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Frontiers in Educational Research, 2024, 7(6); doi: 10.25236/FER.2024.070601.

Parenting styles and student academic achievement: An exploration among secondary-school graduates in Beijing, China


Kexin Feng1, Michael Gaffney2

Corresponding Author:
Kexin Feng

1Higher Education Development Centre, Dunedin, 9016, New Zealand

2College of Education, University of Otago, Dunedin, 9016, New Zealand


In the past decade, numerous scholars and educationalists have highlighted the importance of parenting style and its influence on the learning outcomes of children. Parents are commonly the first caregivers that children know and grow up with, and thus, it is expected that the parenting style they adopt profoundly influences their child’s future development. This research focuses on investigating the relationship between authoritative, authoritarian, and permissive parenting styles and student academic achievement from the perspectives of recent secondary-school graduates in Beijing, China. This study adopted a mixed-methods research approach by using a sequential exploratory design, including both quantitative and qualitative research phases. Although the quantitative results revealed that there was no direct relationship between parenting styles and student academic achievement, the qualitative findings provided evidence for how authoritarian parenting styles could have a mixed influence on student school performance in the Chinese cultural context. The findings also suggest that Chinese authoritarian parents could be considerate and caring within a flexible parental authority, which may often be misunderstood. This research recommends that further exploration of parenting styles in the context of different cultural backgrounds to check its wider construct/content validity.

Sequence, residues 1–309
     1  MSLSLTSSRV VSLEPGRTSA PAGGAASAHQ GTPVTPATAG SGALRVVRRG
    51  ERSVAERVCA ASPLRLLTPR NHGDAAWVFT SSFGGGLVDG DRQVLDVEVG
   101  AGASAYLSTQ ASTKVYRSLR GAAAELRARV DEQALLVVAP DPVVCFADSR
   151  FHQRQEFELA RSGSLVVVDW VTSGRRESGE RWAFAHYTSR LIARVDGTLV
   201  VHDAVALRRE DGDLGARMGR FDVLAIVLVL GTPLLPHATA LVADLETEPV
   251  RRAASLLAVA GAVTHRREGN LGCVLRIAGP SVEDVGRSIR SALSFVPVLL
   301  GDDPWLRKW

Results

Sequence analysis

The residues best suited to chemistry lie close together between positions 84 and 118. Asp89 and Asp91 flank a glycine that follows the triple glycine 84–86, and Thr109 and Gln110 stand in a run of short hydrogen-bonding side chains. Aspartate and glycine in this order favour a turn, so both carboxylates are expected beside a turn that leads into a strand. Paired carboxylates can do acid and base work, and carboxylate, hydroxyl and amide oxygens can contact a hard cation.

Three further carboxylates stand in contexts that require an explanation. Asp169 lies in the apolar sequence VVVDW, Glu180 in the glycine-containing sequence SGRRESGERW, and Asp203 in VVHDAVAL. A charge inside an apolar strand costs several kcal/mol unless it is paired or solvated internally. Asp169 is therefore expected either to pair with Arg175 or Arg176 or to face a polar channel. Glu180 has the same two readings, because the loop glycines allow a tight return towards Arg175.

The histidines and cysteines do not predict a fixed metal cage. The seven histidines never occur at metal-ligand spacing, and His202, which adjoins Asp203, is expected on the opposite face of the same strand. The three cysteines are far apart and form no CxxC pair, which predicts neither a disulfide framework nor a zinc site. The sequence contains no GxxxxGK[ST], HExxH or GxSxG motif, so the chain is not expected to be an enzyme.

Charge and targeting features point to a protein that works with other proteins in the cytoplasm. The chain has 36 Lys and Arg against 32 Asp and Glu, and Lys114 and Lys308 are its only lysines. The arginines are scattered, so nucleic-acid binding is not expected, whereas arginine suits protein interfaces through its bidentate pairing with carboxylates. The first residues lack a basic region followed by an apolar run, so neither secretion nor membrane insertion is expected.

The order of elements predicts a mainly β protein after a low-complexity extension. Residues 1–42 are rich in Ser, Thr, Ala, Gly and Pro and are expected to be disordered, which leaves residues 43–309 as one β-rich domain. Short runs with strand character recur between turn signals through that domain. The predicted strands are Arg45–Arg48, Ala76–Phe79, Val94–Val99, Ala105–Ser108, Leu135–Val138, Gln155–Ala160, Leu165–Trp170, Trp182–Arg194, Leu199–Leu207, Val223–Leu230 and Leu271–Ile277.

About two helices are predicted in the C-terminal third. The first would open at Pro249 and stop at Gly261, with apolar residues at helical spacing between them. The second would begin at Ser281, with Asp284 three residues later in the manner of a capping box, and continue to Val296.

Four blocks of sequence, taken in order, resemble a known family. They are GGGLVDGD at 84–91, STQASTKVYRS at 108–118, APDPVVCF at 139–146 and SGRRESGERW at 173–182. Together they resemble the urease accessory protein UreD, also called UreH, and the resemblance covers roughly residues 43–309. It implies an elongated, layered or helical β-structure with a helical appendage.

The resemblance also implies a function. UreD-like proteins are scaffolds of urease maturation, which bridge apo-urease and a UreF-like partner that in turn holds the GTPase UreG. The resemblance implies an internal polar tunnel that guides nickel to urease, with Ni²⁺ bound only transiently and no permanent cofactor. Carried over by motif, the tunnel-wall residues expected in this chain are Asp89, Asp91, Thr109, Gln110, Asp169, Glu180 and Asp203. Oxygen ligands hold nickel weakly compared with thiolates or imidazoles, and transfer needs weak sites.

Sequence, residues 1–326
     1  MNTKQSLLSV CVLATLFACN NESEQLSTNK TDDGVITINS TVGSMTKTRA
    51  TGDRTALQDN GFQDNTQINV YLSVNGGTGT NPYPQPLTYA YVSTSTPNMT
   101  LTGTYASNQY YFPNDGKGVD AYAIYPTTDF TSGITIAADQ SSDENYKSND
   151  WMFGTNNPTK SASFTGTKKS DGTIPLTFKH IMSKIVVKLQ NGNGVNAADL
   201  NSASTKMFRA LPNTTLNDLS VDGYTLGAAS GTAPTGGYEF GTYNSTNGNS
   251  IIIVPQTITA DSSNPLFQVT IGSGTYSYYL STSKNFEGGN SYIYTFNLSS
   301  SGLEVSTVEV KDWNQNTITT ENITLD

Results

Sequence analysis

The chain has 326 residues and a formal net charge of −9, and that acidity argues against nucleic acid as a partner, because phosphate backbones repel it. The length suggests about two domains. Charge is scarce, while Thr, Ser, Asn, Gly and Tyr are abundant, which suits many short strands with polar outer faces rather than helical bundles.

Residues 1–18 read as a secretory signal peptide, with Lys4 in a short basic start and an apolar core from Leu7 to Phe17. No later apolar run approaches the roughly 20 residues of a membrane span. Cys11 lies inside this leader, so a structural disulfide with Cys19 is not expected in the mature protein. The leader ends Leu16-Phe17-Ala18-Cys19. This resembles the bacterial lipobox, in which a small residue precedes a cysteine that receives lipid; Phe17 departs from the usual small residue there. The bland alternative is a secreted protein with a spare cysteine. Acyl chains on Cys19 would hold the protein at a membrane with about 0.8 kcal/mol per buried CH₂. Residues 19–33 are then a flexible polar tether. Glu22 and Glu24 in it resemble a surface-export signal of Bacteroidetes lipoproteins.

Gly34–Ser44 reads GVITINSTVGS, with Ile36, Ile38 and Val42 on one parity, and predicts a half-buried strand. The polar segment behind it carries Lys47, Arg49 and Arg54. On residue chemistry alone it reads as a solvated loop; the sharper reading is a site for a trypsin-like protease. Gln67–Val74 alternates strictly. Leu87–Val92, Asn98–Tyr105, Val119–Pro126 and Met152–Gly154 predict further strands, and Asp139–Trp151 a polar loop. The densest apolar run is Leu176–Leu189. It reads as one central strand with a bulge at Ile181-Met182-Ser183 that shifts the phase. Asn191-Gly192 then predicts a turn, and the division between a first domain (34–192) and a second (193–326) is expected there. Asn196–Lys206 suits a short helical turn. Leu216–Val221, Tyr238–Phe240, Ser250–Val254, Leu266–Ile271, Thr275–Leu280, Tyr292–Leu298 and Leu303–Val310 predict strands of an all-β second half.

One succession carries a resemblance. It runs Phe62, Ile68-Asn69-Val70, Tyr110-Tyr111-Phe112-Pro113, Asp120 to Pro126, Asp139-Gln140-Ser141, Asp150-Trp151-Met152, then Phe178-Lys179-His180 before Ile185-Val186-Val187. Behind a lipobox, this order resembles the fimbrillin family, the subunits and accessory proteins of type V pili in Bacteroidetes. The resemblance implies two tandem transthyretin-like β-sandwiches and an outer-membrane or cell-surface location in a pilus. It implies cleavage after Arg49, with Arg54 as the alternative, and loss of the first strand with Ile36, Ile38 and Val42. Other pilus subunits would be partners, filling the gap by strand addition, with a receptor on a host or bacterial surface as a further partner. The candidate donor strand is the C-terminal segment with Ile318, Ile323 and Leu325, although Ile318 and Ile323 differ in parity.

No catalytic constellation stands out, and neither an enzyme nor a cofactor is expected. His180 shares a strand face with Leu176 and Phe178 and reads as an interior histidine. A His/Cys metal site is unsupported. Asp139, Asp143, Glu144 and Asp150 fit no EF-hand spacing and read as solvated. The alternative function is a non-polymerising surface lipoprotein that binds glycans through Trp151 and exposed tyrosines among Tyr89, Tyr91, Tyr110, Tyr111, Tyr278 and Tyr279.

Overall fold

Parenting Styles, Student Academic Achievement, Secondary School Graduates, Chinese Parenting, Mixed-Methods Research

Cite This Paper

Kexin Feng, Michael Gaffney. Parenting styles and student academic achievement: An exploration among secondary-school graduates in Beijing, China. Frontiers in Educational Research (2024) Vol. 7, Issue 6: 1-10. https://doi.org/10.25236/FER.2024.070601.


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